[This is me trying to state simply for myself a conceptual distinction I think is well-known.]
The point of PR-narrative is to make your actions understandable to other people. The point of strategy is to make high-level decisions about the (more local) aims of your thought and action, that you expect will have the consequences you want.
For whatever reason, good or bad, your PR-narrative may contain lies of commission or omission, and ontological confusions--thinking something "is even a thing" that really isn't, or vice versa. (E.g. because you want people to approve your actions more than you want them to understand and predict them.)
You might confuse your strategy with your PR-narrative. Both of them summarize your behavior in terms of purpose, but strategy is trying to modulate your more-zoomed-in aims to contribute to your larger aims, while PR-narrative is supposed to modulate other people's expectations of your more-zoomed-in aims. You might have both a PR-narrative and a strategy of doing X. "Going through the motions" is sometimes like, you're having the PR-narrative guide your zoomed-in behavior and not having your strategy guide it, so your behavior kind of looks like what it's supposed to look like. You can tell it's not guided by your strategy because it's not ongoingly answering to your detailed judgements about "will this result in X". (That could also happen e.g. because you've reached a local maximum in the motions you're going through.)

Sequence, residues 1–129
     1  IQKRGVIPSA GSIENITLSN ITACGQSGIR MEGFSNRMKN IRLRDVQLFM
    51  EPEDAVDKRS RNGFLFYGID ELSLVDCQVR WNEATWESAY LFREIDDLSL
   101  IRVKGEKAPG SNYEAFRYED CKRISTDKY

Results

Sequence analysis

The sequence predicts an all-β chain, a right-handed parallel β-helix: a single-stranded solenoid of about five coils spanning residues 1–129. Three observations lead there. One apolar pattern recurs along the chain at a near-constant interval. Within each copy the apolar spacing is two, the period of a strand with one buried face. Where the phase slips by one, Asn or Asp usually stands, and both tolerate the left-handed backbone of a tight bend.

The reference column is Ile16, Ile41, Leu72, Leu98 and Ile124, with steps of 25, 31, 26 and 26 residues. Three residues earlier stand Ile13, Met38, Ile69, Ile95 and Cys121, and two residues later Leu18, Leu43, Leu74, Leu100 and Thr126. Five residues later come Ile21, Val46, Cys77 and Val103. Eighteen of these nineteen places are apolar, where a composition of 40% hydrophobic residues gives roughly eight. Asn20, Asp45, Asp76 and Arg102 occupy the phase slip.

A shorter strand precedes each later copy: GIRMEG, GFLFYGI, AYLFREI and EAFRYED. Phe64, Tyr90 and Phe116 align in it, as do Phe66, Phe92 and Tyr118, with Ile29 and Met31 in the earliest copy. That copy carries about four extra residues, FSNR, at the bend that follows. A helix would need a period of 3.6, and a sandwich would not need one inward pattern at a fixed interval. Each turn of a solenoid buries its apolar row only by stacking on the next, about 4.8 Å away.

When you become aware that the activity you're doing is inconsistent with your PR-narrative, there's a rising tension. Should you keep going, and cover up that you're doing it? Or admit that you're doing it, but say you're trying your best to do better, spending some social capital? Or should you try to convince people that what you're doing is actually consistent with your PR-narrative? Or force yourself to stop, so you can say you did the right thing?
A similar thing might happen when you become aware that the activity you're doing is inconsistent with your strategy. A difference is that you have read and write access to everything involved in the conflict, so you could resolve it by comparing different possible strategies. Another difference is that it's more clear there shouldn't be a conflict if only you could think things through, it's all just you after all.
When you've done something that's consistent with your strategy but not with your PR-narrative, you might find yourself "scrambling to get your story straight" for if/when someone asks you about what you did. "Oh, I was just trying to [...]", "Oh, oops, I didn't realize that [...]", etc.
When you've done something that's consistent with your PR-narrative but not with your strategy, you might feel mysteriously sad or depressed. Or tired or "unmotivated".
This is only a phenomenological description, not a normative prescription. It might be normative if you're assuming that you're inevitably in conflict with the people your PR-narrative is addressed to.